“Is that a moon rock?” Tex Rayburn asked. He wore black cowboy boots and a black cowboy hat. His big brass belt buckle spelled out

Commander Rice shook his head. “No, it’s just a model we use for training,” he told Tex. “Maybe I can show you a real one later. They’re very valuable.”

“Shoot. You can put your boots in the
oven, but that don’t make ’em biscuits,” Tex said. “I reckon we can wait a little to see a
moon rock.”

Commander Rice put the rock down on a nearby table. Then he explained how astronauts take showers in space. Or how they don’t. In space, regular showers won’t work. Without gravity, water doesn’t fall to the ground. Instead, astronauts use damp towels to wash up.

“Where do y’all get the water from?” Sam asked.

“We bring water with us,” Commander Rice said. “Or we recycle it from the air and the water we use every day. We even have to recycle toilet water. Anyone want a sip?”

“YUCK!” Kate said, making a face.

Most of the members of the tour shook their heads. “No thank you,” Tex said. “I always drink upstream from the herd.”

Commander Rice laughed. “The filters make our water cleaner than any creek.” He checked his watch. “I still have time to show you the mission control room.”

Kate rapped Mike’s helmet with her knuckles. “Hey, take that off. We’re going to see mission control!”

Mike removed the helmet and placed it on a table. Tex slapped him on the back.

“Son, that helmet’s too hot for Houston. Stop by my store, Fat Hats!” Tex boomed. He handed Mike a business card. It had a picture of a ten-gallon hat on it. “We’ll fix y’all up with a proper Texas hat.”

Tex winked at Mike and followed Commander Rice through the door. Mike and Kate rushed to catch up. The commander led them to a building across the street.

After passing through security, they went
up a flight of stairs and through a heavy door. To their side stood four long rows of metal desks, filled with old-fashioned computers. Five large screens hung on the wall at the front of the room. Pictures of the moon, the earth, and a map of the world played across them.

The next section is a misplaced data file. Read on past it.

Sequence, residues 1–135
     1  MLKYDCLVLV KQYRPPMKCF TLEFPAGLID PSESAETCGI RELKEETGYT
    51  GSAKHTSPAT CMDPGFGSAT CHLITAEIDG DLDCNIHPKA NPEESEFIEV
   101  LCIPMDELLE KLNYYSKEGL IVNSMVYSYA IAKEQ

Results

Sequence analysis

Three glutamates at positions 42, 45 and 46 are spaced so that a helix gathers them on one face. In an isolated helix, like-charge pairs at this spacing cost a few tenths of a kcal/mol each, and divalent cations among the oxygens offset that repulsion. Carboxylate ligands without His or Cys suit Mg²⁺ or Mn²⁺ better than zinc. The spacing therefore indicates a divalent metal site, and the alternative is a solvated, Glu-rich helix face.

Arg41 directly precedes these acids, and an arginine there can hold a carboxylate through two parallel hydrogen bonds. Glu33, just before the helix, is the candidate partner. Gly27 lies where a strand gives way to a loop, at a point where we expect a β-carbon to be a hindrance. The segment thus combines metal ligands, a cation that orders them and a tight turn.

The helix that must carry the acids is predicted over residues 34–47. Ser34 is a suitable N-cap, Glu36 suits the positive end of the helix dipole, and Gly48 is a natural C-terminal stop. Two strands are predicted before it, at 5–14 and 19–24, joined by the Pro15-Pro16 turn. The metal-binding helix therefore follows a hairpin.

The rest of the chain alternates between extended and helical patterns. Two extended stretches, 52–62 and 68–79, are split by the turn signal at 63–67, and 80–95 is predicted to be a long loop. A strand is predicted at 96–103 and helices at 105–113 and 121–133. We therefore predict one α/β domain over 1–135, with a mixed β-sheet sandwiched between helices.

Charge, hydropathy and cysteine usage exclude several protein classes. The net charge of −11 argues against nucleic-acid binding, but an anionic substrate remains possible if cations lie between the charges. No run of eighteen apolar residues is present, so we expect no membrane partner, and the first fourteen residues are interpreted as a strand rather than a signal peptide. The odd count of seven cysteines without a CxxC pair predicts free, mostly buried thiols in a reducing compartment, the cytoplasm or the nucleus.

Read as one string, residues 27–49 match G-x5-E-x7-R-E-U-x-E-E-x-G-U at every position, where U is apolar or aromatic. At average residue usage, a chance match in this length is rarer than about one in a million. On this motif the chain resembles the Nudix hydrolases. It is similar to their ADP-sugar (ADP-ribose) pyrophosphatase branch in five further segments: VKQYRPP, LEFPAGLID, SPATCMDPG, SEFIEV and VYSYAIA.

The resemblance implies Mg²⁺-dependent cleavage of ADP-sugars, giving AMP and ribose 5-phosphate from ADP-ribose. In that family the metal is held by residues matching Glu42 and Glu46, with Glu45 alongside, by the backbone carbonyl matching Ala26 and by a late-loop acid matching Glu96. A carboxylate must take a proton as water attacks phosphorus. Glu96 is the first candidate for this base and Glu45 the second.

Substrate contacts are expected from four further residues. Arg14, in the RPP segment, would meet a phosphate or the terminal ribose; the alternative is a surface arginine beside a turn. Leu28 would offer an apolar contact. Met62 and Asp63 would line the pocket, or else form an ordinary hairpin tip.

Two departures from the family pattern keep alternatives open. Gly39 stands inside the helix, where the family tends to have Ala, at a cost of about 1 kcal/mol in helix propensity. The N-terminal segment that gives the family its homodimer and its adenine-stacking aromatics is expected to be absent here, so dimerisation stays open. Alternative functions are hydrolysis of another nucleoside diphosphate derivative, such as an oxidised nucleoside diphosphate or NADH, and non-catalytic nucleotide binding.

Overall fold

“Welcome to NASA’s mission control,” Commander Rice said. “It’s the exact one that
was used for the Apollo moon missions. Have a seat.”

Mike and Kate scrambled for one of the desk chairs. Mr. Hopkins and some of the other visitors stood against the wall.

“Mission control is where flight controllers keep an eye on spacecraft and astronauts after they lift off into space,” Commander Rice said. He explained how different people were
in charge of different parts of a spaceflight. For example, a controller in the first row managed the spacecraft’s direction. A controller in the second row kept track of the crew’s health.

Commander Rice also told them about the Apollo rockets that traveled from the earth to the moon and back between 1968 and 1972.

Mike raised his hand. “Is that how we got the moon rocks?”

Commander Rice nodded and pushed some buttons at one of the desks. A picture of an astronaut flashed up on one of the screens. He was standing on the moon, holding a moon rock.

“On six missions, the Apollo astronauts brought back over eight hundred pounds of rocks,” Commander Rice told them. “Some were black. Others were white. And some were shades of gray.”